One way of finding prime numbers is to use the Sieve of Eratosthenes. This starts with a list of all numbers 2-n. You find the first number in the list, which is prime, then remove all of its multiples from the list. Then repeat.
This is advantageous on an embedded platform because it doesn't involve very much computing. The drawback is that you can't store a huge list of incremental numbers; you quickly run out of space.
The Index is the Huge Number
The solution I came up with is to use one huge number as the index for a boolean array. Basically I create an array of 32-bit integers, using as much SRAM as I have available. The sieve will read that array like so:
1. Find the first bit in the array that is a 1. The index of this bit is a prime number so print it out
2. Iterate all indices that are multiples of this prime index, setting their bit in the array to 0
3. Repeat until the array has been exhausted
Bit Banding to Save Cycles
The reason I started this afternoon adventure was to try out bit-banding. This is an address alias in the ARM core which maps to a single bit in SRAM (also works on some of the peripheral buses). This should save quite a bit of time since the alternative is a three-step process of reading the register, performing a bitwise operation to change the bit in question, then writing the register. Bit Banding can do this all in one operation.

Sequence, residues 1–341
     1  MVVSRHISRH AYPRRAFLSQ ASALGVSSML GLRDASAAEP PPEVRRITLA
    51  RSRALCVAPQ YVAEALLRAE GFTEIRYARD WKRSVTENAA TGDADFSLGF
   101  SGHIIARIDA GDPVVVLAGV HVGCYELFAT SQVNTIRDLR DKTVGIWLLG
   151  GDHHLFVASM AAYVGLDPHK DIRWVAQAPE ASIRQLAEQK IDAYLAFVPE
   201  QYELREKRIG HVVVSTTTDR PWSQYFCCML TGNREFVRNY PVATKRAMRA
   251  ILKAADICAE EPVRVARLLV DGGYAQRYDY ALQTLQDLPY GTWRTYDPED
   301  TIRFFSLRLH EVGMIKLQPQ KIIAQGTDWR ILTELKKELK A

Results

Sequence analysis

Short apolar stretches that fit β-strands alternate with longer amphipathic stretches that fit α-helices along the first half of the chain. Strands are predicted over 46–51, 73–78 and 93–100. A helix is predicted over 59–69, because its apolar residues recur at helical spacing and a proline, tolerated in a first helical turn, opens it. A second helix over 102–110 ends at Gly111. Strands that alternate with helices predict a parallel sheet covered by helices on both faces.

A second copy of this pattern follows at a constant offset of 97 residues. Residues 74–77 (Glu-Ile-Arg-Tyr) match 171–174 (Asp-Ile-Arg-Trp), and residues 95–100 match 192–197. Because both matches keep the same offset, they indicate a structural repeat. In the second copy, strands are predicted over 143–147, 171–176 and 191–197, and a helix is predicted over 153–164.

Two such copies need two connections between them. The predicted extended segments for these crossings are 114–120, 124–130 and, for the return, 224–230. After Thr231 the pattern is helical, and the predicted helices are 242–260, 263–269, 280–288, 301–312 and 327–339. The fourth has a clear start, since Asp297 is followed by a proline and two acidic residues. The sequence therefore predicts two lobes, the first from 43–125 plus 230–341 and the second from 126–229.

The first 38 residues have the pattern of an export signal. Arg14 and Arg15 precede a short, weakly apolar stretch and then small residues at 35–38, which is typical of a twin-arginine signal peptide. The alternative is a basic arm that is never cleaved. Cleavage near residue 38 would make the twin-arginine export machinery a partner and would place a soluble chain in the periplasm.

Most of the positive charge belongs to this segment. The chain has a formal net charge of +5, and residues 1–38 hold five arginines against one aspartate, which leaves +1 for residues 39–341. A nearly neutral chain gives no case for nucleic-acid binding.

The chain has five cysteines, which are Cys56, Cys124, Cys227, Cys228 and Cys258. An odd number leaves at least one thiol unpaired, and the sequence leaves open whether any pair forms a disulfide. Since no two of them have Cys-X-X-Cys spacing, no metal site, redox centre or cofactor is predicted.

Basic Code for Bit Banding
I'm using a Tiva C Launchpad but the bit banding feature is a part of the ARM core so this should be the same on other ARM chips. TI has been kind enough to include a macro that does all of the heaving lifting. This wasn't readily apparent to me at first so I was trying to do the offsetting mentioned in TI's datasheet which is much more convoluted. The macro method is dead simple:
//#######Bit Band Write Operation HWREGBITW(&targeRegister,targetBit) = 0; //#######Bit Band Read Operation myVar = HWREGBITW(&targeRegister,targetBit);<br>
#define HWREGBITW(x, b) HWREG(((uint32_t)(x) & 0xF0000000) | 0x02000000 | (((uint32_t)(x) & 0x000FFFFF) << 5) | ((b) << 2))